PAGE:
Expectant mothers and their babies are fine getting MRI exams—but their doctors should avoid ordering scans enhanced with gadolinium-based contrast agents, according to a Canadian study published in JAMA and covered by Reuters Health Sept. 6.
Analyzing more than 1 million births between 2003 and 2013, the researchers found that, for one thing, skin conditions like nephrogenic systemic fibrosis were about 36 percent more common in babies born to the gadolinium group than the no-MRI group.
Meanwhile, rheumatological and inflammatory conditions increased by about 45 cases per 1,000 children per year.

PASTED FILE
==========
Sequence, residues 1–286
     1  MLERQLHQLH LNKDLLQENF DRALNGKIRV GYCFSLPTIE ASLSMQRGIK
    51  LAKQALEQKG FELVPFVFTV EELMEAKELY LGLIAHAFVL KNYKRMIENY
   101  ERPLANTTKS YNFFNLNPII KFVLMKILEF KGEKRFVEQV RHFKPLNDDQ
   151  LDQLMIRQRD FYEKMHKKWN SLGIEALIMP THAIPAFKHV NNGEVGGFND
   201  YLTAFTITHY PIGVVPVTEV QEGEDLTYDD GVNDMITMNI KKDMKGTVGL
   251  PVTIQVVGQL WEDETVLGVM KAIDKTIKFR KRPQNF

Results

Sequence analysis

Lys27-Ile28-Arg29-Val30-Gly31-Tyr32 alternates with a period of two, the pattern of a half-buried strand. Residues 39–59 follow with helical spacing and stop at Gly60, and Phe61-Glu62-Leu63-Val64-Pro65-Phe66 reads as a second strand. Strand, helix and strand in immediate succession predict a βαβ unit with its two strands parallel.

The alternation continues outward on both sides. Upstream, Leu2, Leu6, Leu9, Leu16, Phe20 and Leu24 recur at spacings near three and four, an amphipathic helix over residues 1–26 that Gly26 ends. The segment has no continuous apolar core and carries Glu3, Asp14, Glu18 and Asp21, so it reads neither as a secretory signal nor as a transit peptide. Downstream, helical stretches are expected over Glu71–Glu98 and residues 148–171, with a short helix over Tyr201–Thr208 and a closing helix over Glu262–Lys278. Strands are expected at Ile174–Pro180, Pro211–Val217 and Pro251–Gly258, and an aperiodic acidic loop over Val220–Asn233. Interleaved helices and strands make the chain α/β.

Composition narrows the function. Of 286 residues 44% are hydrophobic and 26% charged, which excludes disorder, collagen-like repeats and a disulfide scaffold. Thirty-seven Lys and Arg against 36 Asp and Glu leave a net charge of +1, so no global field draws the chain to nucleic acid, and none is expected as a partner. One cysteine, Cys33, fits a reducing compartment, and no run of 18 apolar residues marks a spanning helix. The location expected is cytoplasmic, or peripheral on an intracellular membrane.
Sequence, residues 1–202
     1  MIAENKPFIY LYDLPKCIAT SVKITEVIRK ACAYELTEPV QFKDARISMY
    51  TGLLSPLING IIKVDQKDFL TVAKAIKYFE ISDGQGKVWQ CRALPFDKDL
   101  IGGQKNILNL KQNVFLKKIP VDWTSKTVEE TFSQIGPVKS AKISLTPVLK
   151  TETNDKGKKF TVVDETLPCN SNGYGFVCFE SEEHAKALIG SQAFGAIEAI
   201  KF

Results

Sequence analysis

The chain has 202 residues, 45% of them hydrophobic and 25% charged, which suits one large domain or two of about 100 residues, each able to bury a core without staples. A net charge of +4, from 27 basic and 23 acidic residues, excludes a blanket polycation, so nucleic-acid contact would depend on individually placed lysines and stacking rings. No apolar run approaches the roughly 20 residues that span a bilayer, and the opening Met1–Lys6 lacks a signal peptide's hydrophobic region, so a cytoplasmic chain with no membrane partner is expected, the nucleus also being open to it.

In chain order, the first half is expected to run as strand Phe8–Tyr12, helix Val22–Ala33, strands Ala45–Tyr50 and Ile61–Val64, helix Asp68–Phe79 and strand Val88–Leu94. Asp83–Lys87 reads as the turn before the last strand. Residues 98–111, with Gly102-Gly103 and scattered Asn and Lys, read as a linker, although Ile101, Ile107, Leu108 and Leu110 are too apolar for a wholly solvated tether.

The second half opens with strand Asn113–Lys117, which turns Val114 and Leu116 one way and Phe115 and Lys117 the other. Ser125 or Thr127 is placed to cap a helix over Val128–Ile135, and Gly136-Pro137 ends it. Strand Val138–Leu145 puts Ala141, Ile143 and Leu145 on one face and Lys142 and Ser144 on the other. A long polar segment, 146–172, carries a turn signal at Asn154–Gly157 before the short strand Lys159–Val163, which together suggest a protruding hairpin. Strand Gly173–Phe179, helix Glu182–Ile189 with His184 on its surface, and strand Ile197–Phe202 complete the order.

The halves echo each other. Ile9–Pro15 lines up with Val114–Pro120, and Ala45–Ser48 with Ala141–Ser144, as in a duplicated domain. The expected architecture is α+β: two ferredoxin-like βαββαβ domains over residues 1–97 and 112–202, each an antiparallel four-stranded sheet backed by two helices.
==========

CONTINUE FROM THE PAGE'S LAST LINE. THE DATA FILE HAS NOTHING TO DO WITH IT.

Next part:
Dorothy Bulas, MD, professor of pediatrics and radiology at George Washington University, called the study “reassuring,” noting that it supports the use of non-contrast MRI at any stage of gestation if it’s clinically indicated.
“The study also supports the need to avoid gadolinium in the pregnant patient,” Bulas told the news service, “unless the maternal benefits truly outweigh the potential fetal risks that were noted in this large study cohort.”
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